Witchin’ in the Kitchen: Collard Greens with Berbere Maple Vinaigrette

Witchin’ in the Kitchen: Collard Greens with Berbere Maple Vinaigrette November 23, 2016

Marinated Collard Greens in a garlicky, red-wine, berbere and maple vinaigrette is a far cry better than the over-cooked mush dripping in pork fat that my southern forebears made me eat at the holidays. There is a much tastier way, for those with a more sophisticated palette, and it just happens to be vegan and gluten-free. Extra-bonus, the vital nutrients that make “green vegetables” healthy are still in tact.

This needs to be started 24-48 hours prior to serving, as the collards are primarily “cooked” by the acid of the vinaigrette while refrigerating over-night. But fear not…they are well worth the wait.

Fresh Collard Greens
Fresh Collard Greens

But here is the trick: You have to have Berbere Spice. This is a blend used in Ethiopian dishes that is exotic, spicy, smokey and tantalizing. If you can find it at an Indian or Middle Eastern grocery store…grab as much as you can carry, pay them any price they want, and make a break for it, you lucky dog!  If not, like me, you’ll have to make your own. The good news is that once you have it, you can make many of my favorite recipes, like Autumn Harvest Bisque.

I found this on-line at and have made myself. However, this is my heavily tweaked alteration…

Berbere Powder Blend
Berbere Spice Blend

Berbere Spice Blend

  • 1/2 cup ground dried New Mexico chilies (I found a large package in the Mexican food section, then ground them in my coffee bean grinder with the fenugreek and coriander seeds)
  • 1/4 cup paprika
  • 1 Tablespoon Himalayan pink salt
  • 1 teaspoon onion powder
  • 1 teaspoon garlic powder
  • 1 teaspoon ground cardamom
  • 1 teaspoon ground fenugreek seed
  • 1 teaspoon ground cinnamon
  • 1/2 teaspoon ground nutmeg
  • 1/2 teaspoon ground cloves
  • 1/2 teaspoon ground ginger
  • 1/2 teaspoon ground allspice
  • 1/2 teaspoon ground coriander seed

Grind and blend all together in a glass mason jar with tightly fitting lid. It will keep in a cool dark cabinet for a few months…if it lasts that long. 😉

Collard Greens with Berbere Maple Vinaigrette


  • 1 large bunch of fresh collard greens will make a nice big bowl of cooked collards for 4-5 people. (the pictures below were actually two large bunches, because I was serving 9 that year.) This is a special dish that I don’t take the time to make all that often, so I aim to have left overs.
  • 3-4 tablespoons of coconut oil
  • 4-5 c loves of minced garlic
  • 3-4 teaspoons of berbere spice
  • 1/3 C. red wine vinegar
  • 1/4 C. Organic, gluten-free tamari Sauce or Bragg’s amino acids
  • 1/4 cup pure maple syrup
  • Splash of extra virgin olive oil
Sautee the collard greens in three batches.
Saute the collard greens in three batches.


  1. Begin by washing the collard leaves thoroughly in a sink full of warm water and a healthy splash of white vinegar to clean them thoroughly. Allow to drain mostly dry.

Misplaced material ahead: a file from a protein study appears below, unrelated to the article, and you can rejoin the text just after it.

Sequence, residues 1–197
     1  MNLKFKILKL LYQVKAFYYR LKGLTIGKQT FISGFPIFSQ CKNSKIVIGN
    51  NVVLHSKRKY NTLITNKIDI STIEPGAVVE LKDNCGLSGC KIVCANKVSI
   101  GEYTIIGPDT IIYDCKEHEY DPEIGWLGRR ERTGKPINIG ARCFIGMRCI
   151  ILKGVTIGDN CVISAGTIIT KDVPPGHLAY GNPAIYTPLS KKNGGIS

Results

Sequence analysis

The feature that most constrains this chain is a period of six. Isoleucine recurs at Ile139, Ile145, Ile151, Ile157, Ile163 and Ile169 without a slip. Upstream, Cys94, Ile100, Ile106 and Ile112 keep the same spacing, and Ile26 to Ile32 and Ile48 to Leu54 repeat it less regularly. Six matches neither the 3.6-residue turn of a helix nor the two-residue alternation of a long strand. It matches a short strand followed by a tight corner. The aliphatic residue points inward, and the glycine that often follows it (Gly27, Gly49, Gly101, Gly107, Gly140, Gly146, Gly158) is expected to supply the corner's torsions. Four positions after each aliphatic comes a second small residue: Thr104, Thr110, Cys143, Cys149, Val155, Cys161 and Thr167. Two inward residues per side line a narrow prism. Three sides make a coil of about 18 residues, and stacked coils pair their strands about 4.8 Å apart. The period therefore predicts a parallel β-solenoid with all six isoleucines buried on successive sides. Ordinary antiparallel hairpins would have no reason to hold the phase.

2. Fold leaf in half along the thick spine, and slice the tough spine and stem away, discard. You only want the bright green parts. Stack three such leaves on top of each other, roll tightly and slice into thin ribbons, set aside in a large mixing bowl, because there are going to be a lot of fresh leaves! Prepare all the leaves before you start cooking.
  3. Heat 1-2 tablespoons of coconut oil in a large, deep skillet, or wok. Add 1/3 the chopped garlic, and 1 teaspoon of Berbere powder and stir in until the garlic is fragrant, but don’t let it burn.
  4. Add one-third, or a heaping pan worth of the greens, and with a pair of tongs, saute them for about 3 minutes, stirring constantly to incorporate the oil and spices throughout.  Cover and let steam for 3-5 minutes more, and greatly reduced and wilted. They will still be bright green.
  5. Remove the steamed greens to a large, clean bowl.
  6. Repeat steps 3-5  until all the garlic and greens are cooked and in the bowl. Pour the remaining oil and garlic from the skillet in with the greens–you want it all. With the tongs, blend all the batches together.
  7. I prepare the vinaigrette in a glass measuring cup from which I can pour. Add the red wine vinegar, Tamari or Bragg’s, and maple syrup with 1 teaspoon more of the berbere powder and a splash of Extra Virgin Olive oil to bring the level to 1 full cup of vinaigrette, whisk together.
  8. Pour vinaigrette mixture over the greens, tossing to spread throughout.

    Color of greens before marinating over night
    Color of greens before marinating over night

  9. Cover the greens tightly and refrigerate over-night, up to 48 hours–they just get better the longer they marinate. Occasionally, take them out and stir them up to redistribute the vinaigrette throughout. The acid in the vinegar will continue to “cook” them, and the next day you will find that their color has deepened. This protects the vital nutrients, while allowing them to become more digestible.
  10. Prior to serving, I place them in a large saute pan over the lowest heat, and allow them to warm on the stove, or in a crock pot on warm, but don’t let them dry out…adding a bit of water as needed. Sometimes I make more vinaigrette and serve in a pretty bottle as a garnish to suit people’s tastes for more spiciness.
Color of greens after marinating in the vinaigrette over-night.
Color of greens after marinating in the vinaigrette over-night.

I especially enjoy these exotic, tangy greens as a side dish to all roasted meats, and earthy potatoes, as well as a sweet Mulled Apple and Cranberry Compote. They are always a magickal treat served with a Nine Mojo Bean Soup and Cornbread on New Year’s day, for luck and prosperity in the coming year. Stay tuned for those recipes!


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